The slip spool 70 includes a set of slip blocks 84 that are controlled by hydraulic cylinders, as explained in detail in Applicant's U.S. Pat. No. 6,695,062. A top edge of each of the slip blocks is contoured to complement the beveled shoulder 19a of the adapter pin 10 illustrated in
A tubing assembly shown in
Accordingly the method of removing the tubing hanger 30 after the backpressure plug 56 is set in the adapter pin 10, involves first installing the slip spool 70 and annular adapter 72 onto the top of the control stack 24, above the BOP 26. Once these spools are sealed and pressure balanced, the landing joint 86 is lowered down through the axial passage 36, and into the tubing hanger 30 where it is rotated to engage box threads in a top of the tubing hanger 30.
The lock bolts 38 are retracted and the landing joint 86 is then hoisted to raise the tubing assembly up through the control stack 24. Hoisting the landing joint 86 unseats the tubing hanger 30. Once the tubing hanger 30 and adapter pin 10 have been pulled up far enough to clear the tubing rams of the BOP 26, the tubing rams may be closed around the tubing string 32, blocking the fluid path between the axial passage above the BOP 26 and the reservoir below. After the tubing rams are closed, the bleed-off valve 78 is opened to release the pressurized fluid contained in the axial passage 36 above the tubing rams of the BOP 26. After the adapter pin 10 is raised above a top of the slip blocks 84, the slip blocks 84 are extended, and the landing joint 86 is lowered so that a weight of the tubing string is supported by the slip blocks 84.
Once the pressure in the axial passage 36 above the tubing rams is released, the annular adapter 72 is removed by disconnecting the landing joint 86 and unscrewing the lockdown nut 76. The tubing hanger 30 is therefore exposed, and can be removed. If desired, the Bowen Union 74 may also be removed.
Steps involved in inserting the tubing hanger 30 into the tubing head spool 28 are substantially the reverse of the method of removing the tubing hanger 30, and will not be repeated here.
Those skilled in the art will understand that the slip spool 70 is not essential to the procedure described above, and other slip devices can be used to temporarily support the tubing string. For example, after the lockdown nut 76 is released, the adapter spool 72 and the landing joint may be raised further so that the adapter pin 10 is higher than the control stack, at which point it can be supported by a conventional slip block, for example.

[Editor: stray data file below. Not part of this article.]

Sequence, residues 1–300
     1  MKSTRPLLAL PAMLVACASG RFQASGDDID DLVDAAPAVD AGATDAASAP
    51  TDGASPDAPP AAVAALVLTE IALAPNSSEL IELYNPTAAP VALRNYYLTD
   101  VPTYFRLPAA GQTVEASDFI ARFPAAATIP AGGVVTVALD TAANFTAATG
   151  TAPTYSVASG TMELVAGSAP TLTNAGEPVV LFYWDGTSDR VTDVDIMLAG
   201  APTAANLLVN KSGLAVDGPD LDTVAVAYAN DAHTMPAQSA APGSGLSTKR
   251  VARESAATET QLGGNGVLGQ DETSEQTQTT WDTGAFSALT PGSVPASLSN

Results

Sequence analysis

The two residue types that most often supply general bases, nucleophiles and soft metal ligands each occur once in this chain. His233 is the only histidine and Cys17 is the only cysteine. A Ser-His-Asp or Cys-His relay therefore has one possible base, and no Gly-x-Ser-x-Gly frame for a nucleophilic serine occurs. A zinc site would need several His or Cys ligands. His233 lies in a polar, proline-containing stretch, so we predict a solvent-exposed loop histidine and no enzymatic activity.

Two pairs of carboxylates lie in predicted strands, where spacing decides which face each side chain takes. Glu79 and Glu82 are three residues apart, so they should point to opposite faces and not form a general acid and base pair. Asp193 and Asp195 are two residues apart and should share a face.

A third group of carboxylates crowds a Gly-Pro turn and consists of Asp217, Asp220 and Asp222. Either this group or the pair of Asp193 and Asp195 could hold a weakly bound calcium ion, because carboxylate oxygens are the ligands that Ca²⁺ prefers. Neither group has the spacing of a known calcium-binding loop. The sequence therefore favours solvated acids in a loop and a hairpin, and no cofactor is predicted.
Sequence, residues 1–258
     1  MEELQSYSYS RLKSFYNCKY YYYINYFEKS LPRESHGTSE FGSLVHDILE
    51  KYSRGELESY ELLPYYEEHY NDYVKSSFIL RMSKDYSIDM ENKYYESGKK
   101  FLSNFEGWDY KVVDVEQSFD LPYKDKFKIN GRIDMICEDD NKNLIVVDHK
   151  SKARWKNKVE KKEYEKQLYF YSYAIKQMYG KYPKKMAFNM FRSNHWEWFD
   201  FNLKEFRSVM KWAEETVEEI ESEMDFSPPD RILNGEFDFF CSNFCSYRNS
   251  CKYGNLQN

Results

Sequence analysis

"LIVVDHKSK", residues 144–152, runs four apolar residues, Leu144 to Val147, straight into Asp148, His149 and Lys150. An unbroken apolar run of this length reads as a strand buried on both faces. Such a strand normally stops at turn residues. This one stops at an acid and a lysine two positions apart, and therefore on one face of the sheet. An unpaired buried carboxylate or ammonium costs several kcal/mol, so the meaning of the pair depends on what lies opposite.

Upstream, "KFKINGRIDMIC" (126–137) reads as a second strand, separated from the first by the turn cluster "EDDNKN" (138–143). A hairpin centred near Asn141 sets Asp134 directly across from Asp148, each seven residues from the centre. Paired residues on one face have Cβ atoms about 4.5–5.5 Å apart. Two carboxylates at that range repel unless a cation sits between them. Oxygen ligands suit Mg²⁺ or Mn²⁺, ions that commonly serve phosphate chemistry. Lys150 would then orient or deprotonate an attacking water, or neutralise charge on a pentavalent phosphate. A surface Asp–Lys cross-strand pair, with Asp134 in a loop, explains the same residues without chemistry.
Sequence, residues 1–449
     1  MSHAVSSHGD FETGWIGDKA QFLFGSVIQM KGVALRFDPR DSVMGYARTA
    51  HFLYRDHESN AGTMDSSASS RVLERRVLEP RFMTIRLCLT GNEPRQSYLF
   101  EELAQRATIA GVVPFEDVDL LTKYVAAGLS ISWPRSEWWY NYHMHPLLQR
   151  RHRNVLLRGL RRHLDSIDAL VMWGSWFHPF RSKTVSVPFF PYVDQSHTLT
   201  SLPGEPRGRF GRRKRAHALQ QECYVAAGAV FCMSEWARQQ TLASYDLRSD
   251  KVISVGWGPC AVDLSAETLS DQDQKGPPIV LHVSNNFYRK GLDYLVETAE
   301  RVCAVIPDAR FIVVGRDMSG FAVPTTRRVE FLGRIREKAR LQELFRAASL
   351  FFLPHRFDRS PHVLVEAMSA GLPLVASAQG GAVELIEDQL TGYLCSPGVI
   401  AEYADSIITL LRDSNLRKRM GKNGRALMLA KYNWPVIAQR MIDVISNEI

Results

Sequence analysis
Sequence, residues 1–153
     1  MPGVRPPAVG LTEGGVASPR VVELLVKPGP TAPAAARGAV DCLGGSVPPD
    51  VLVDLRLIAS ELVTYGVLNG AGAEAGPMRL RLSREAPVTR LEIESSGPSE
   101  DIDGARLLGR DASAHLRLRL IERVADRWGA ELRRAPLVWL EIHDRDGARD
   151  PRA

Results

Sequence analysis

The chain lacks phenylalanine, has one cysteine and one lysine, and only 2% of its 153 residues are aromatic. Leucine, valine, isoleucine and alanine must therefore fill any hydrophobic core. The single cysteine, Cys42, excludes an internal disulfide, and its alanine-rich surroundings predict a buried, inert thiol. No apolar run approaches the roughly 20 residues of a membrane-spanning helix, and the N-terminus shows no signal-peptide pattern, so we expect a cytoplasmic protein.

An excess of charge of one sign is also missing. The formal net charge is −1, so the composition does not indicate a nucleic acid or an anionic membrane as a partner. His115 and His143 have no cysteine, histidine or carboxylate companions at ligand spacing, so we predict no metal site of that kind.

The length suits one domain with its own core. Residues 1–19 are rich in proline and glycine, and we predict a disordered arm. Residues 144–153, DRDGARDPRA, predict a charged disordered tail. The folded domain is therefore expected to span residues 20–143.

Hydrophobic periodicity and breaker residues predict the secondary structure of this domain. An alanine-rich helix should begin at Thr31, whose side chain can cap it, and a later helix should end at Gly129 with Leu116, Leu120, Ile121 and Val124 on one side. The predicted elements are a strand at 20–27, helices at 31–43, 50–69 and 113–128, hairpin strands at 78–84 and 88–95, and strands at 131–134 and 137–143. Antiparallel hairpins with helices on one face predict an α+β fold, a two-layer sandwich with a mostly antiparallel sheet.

The invention therefore permits a tubing string to be plugged and a tubing hanger to be removed from a live well without the use of wireline equipment. The method and apparatus in accordance with the invention permit the backpressure plug to be set or removed more quickly than can be accomplished using a wireline lubrication, and at much less expense. Consequently, the invention permits many well completion and servicing operations to be performed more quickly at a reduced cost.
The embodiment(s) of the invention described above is(are) intended to be exemplary only. The scope of the invention is therefore intended to be limited solely by the scope of the appended claims.
1. A tubing assembly, comprising:
- a tubing string and a tubing hanger, the tubing hanger supporting the tubing string in a control stack above an oil or gas well; and
- a backpressure thread on an internal wall of the tubing assembly below the tubing hanger, the backpressure thread removably securing a backpressure plug in a fluid-tight seal to seal the tubing string.
2. A tubing assembly as claimed in claim 1 further comprising a contoured surface below the tubing hanger that is shaped to provide a weight-bearing shoulder for supporting the tubing string.
3. A tubing assembly as claimed in claim 1 further comprising a contoured surface below the tubing hanger that is shaped to provide a weight-bearing shoulder for snubbing the tubing string.
4. A tubing assembly as claimed in claim 1 wherein the backpressure thread is located on an inner wall of an adapter pin connected between the tubing hanger and the tubing string.
5. A tubing assembly as claimed in claim 4 wherein the adapter pin comprises a contoured surface that is shaped to provide a weight-bearing shoulder for supporting and a weight-bearing shoulder for snubbing the tubing string.
6. A tubing assembly as claimed in claim 5 wherein the contoured surface is rotationally symmetric so that the contoured surface provides the weight-bearing shoulders independently of a rotational position of the adapter pin.
U.S. Patent Documents
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Foreign Patent Documents
- U.S. Appl. No. 10/034,032 entitled “Slip Spool and Method of Using Same,” filed Dec. 19, 2001.
- U.S. Appl. No. 10/327,268 entitled “Slip Spool and Method of Using Same,” filed Dec. 20, 2002.
- U.S. Appl. No. 10/050,024 entitled “Well Stimulation Tool and Method of Using Same,” filed Jan. 15, 2002.